By Tom Still
MADISON – A report issued last week by a Washington think tank shows Wisconsin No. 1 in yet another public education index – only this time, being first among the 50 states wasn’t the preferred spot.
In a study of how states are carrying out the federal No Child Left Behind education law, a group called Education Sector rated the states on how well they’re outsmarting the law. Wisconsin was the leading circumventer, according to the analysts, who refused to buy state numbers that indicate virtually every school district and virtually every school is meeting federal improvement standards.
“(The study) ranks Wisconsin as the most optimistic state in the nation,” reports Education Sector on its web site, www.educationsector.org. “Wisconsin scores well on some educational measures, like the SAT, but lags behind in others, such as achievement gaps for minority students. But according to the Wisconsin Department of Public Instruction, the state is a modern-day educational utopia where a large majority of students meet academic standards, high school graduation rates are high, every school is safe and nearly all teachers are highly qualified.”
The report goes on to note that school districts around the nation are struggling to make “Adequate Yearly Progress,” the primary standard of school and district success under No Child Left Behind. In Wisconsin, however, hitting the standard is a piece of cake. All but one of Wisconsin’s 426 school districts made Adequate Yearly Progress in 2004–05.
“How is that possible?” the Education Sector report asked. “The answer lies with the way Wisconsin has chosen to define the Adequate Yearly Progress standard.”
OK, we all know Wisconsin is a bit guilty of what radio humorist Garrison Keillor calls the “Lake Wobegone syndrome,” especially when its comes to its schools. Keillor jokes that in Lake Wobegone, Minn., his mythical home town, all the children are above average. In Wisconsin, we genuinely believe that – because the tests scores tell us so and we’re so doggoned proud of our community schools, sometimes in the face of evidence to the contrary.
But are we cooking the books in order to fulfill our fantasies? The authors of the Education Sector report suggest so when it comes to complying with No Child Left Behind. That’s vehemently denied by the folks at DPI, who say they’ve never claimed the state is an “educational utopia” or without troubling achievement gaps between students.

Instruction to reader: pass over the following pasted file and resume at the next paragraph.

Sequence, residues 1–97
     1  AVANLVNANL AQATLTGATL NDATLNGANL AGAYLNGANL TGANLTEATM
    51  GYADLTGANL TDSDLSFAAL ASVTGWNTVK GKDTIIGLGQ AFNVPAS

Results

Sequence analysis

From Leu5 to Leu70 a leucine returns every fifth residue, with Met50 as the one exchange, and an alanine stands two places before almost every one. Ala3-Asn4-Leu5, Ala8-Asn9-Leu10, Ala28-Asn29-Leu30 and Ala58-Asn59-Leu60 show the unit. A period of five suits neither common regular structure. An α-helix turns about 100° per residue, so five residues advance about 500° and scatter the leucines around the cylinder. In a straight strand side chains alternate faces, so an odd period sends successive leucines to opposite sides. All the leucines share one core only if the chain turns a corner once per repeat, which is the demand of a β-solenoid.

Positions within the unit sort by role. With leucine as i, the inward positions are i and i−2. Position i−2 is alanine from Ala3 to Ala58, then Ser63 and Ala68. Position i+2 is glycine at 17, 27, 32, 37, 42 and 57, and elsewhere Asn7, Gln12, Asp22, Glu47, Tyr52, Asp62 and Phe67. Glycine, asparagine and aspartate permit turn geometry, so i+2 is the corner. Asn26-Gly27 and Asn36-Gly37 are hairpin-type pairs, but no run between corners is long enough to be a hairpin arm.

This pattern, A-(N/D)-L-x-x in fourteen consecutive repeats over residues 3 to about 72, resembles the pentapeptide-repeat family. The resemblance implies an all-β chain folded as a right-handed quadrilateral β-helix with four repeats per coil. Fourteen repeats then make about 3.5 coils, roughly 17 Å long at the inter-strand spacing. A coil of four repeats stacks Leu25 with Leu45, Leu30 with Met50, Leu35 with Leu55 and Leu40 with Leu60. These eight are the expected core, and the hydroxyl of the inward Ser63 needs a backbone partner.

Let’s drill into one federal standard: What constitutes a “highly qualified teacher”? The federal law gives states some flexibility in determining which teachers make the grade, but Wisconsin’s 99 percent “highly qualified” ranking caught the eye of Education Sector. While almost all classroom teachers nationally have bachelor’s degrees and most have state certification, a significant number of teachers lack specific knowledge of the academic subject they teach. This is particularly true in high-poverty schools and in math and science courses taught in the secondary grades. Is Wisconsin relying too much on traditional certification, the report asked?
In the past, that was probably true. But recent reforms promise to slowly improve the skills of teachers as they move through their careers.
Wisconsin has developed a three-tier licensing system for teachers that will transform the process from a renewal system based on additional college credits to a skills and knowledge process. Under the so-called PI 34 law, teachers now graduating from college must renew their licenses with Professional Development Plans. The plans don’t ignore existing state standards, but they’re based more in helping teachers learn their subject matter. The teacher must assemble a three-member review team made up of trained colleagues. The review team works with the educator while the project is under way and eventually decides whether the teacher has successfully completed the plan.
Most teachers are still grandfathered into the previous system, of course, and only three teachers have completed PI 34 certification statewide. But it may become the norm over time as more teachers try the new certification system and find it does something the old system didn’t do – make them a better teacher.
Wisconsin cannot afford a “Lake Wobegone” complex. It needs well-educated students who are skilled in the disciplines needed to compete in the 21st century economy, such as science, math and languages. Only if our teachers are skilled in those disciplines themselves will Wisconsin continue to produce students who are above average in a global society.
Still is president of the Wisconsin Technology Council. He is the former associate editor of the WisconsinState Journal in Madison.